This feature is designed to spark your interest in researching the world of capoeira's vocabulary, history, and philosophy.

Our Capoeira Wiki-Word series invites you to research the word of the week and post your definition(s) and translations. At the end of each week, the entries will be reviewed and then summarized into a translation and a definition of the Capoeira Wiki-Word of the week.

Submit your entries in the comments section below!

This week's Capoeira Wiki-Word is:

Dendê

 

Update

 


 

Here is a little something I put together from my trip to Brasil this past December and January.  Enjoy!

(the translations are coming.  in the meantime, those of you up for a little Portuguese practice, take a crack at translating it and put your results in the comments section.)

 

Excerpt from "Música e oralidade, estética e ética: as cantigas no ritual e performance da capoeira 

angola"  / "Music and the oral, aesthetics, and etiquette: the songs in the ritual and performance of capoeira angola"

 

Rosa Maria Araújo Simões 

Doutora em Ciências Sociais – UFSCar – São Carlos - SP 

Departamento de Artes e Representação Gráfica – FAAC – Unesp/Bauru 

 

Levando em conta que o azeite de dendê é um importante tempero da culinária 

baiana, este corrido é cantado quando o jogo está “gostoso”, está bonito, bem elaborado, em 

que os jogadores estão, elegantemente, conversando por meio de seus corpos.

Bearing in mind that the oil of dendê is an importante seasoning from cuisine of Bahia, this corrido is sung when the game is "gostoso", is beautiful, well developed, in which the players are elegantly engaging in a physical conversation with only their bodies.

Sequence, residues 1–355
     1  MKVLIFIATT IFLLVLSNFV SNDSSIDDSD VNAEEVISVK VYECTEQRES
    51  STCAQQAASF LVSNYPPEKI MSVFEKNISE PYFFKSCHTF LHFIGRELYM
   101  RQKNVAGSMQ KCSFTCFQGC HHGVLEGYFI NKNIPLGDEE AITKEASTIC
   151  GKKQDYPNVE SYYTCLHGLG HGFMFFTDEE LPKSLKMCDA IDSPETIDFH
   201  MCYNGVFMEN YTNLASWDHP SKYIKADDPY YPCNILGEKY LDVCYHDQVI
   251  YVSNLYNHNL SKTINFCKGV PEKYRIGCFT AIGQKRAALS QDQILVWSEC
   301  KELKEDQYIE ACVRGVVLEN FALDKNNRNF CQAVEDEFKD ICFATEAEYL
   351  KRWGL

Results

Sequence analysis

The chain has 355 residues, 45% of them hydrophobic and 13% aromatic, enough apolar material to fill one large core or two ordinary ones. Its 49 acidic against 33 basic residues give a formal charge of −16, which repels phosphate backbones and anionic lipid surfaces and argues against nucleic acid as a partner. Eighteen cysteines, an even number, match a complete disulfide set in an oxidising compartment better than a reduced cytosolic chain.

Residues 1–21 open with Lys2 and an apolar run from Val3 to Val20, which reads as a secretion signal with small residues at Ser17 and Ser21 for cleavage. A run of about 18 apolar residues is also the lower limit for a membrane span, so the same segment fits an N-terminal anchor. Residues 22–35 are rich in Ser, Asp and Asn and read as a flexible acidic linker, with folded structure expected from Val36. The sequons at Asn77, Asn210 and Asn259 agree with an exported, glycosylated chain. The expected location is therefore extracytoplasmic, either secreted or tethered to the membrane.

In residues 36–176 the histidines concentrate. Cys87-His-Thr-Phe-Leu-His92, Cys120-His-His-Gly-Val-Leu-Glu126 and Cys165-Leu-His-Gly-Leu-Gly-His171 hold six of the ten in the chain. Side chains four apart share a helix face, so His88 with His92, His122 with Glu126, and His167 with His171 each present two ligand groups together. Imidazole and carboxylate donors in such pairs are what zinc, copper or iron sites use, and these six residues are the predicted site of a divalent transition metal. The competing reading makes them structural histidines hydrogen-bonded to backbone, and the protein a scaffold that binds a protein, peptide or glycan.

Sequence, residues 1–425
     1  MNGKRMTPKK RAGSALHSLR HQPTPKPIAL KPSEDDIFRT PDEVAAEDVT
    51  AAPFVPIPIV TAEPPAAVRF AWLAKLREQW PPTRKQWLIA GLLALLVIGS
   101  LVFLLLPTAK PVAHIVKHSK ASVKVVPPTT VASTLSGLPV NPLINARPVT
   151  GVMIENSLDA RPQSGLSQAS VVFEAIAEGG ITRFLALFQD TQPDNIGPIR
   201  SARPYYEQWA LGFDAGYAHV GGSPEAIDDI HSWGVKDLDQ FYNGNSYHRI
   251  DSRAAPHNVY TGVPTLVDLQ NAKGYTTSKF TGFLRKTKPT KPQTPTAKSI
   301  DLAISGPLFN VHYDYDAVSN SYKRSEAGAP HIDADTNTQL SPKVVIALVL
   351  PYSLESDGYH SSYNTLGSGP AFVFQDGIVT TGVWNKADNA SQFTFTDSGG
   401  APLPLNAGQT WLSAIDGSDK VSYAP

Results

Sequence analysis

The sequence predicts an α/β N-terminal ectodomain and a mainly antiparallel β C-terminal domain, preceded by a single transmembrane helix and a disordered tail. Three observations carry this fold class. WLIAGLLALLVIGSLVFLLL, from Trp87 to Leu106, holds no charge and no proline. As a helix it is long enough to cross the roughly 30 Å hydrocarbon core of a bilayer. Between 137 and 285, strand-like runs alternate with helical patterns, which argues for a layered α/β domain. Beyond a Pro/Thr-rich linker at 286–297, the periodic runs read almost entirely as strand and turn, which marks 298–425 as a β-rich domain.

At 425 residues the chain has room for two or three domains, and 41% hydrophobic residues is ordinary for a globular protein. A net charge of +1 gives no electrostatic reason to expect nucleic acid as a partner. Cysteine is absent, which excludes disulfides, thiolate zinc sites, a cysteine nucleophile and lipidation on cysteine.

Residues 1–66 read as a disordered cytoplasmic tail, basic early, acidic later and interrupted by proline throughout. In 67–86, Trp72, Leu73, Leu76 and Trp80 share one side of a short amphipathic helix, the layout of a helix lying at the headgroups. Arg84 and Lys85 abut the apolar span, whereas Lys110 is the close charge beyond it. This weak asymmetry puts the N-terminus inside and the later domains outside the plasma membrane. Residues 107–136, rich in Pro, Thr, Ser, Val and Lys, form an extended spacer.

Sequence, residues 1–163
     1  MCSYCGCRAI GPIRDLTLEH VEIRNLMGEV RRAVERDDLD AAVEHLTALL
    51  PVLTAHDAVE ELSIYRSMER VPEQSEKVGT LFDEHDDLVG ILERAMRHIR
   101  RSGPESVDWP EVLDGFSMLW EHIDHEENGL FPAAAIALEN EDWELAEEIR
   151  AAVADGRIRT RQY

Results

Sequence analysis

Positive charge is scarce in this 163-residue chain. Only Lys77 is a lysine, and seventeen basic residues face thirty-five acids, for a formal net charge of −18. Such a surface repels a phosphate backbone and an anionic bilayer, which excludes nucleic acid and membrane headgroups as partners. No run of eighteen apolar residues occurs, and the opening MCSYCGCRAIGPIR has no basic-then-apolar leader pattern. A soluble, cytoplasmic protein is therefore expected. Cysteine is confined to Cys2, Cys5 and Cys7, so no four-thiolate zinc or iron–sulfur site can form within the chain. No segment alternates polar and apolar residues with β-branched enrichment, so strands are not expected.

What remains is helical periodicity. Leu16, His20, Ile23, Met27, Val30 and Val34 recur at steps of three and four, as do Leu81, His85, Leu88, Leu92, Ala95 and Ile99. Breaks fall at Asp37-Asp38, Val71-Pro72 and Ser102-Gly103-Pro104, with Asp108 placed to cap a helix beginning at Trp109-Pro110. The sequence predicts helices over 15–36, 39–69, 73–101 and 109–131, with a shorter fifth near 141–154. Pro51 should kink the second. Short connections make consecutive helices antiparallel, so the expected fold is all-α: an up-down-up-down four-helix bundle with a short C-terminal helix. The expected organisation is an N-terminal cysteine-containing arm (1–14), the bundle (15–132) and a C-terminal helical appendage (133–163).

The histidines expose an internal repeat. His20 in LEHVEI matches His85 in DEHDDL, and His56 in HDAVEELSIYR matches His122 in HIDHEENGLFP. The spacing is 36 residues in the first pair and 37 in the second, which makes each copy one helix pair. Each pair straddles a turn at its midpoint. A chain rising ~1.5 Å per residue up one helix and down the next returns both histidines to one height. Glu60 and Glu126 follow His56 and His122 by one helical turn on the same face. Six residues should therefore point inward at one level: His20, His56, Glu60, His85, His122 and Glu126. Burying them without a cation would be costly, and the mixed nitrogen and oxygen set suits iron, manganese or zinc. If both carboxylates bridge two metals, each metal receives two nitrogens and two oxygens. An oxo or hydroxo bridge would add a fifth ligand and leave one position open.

Translated by Guatambu (if you have any improvements for the translation contact me)

 

Bombinha added...

I knew if I waited long enough I'd get a chance to relate capoeira to agriculture.
So, dende is yet another thing that comes from Africa--west africa specifically, where it has always been an important food source. Oil palms were brought to Brazil during colonization, and didn't seem to be cultivated commercially (?) but did maintain their use and importance among African-brazilians. Palm oil was a hugely important product in international trade in the 1800s, and there were large-scale plantations in West Africa at that time (got that one from "a history of nigeria"--its on google books). so its possible that some slaves who were brought to brazil were coming from working in oil palm plantations?--maybe.

(Interestingly, oil palms are a very hot topic in the amazonian region of brazil right now, and really everywhere that has tropical rainforest. it has a lot of potential for use as a bio-fuel . . . and consequently oil palm plantations are taking the place of tropical rainforests as well as other important crops all over the world. its very controvercial. on the flip side, using red palm oil in cooking is one of the most effective ways to prevent and treat vitamin A deficiencies--probably the number 1 vitamin A strategy all over Africa. Strangely, given its importance in Brazil, its not very available elsewhere in Latin America. the refined, clear stuff is, but not the red stuff.)

Its probably safe to assume that dende/palms/palm oil were very significant in the everyday lives of those early capoeiristas, and could be used as an analogy for a lot of things. Food cooked without oil is. . . maybe lacking in flavor, not very filling, and probably burnt. So maybe capoeira, without proper dende, would suffer the same way.

 

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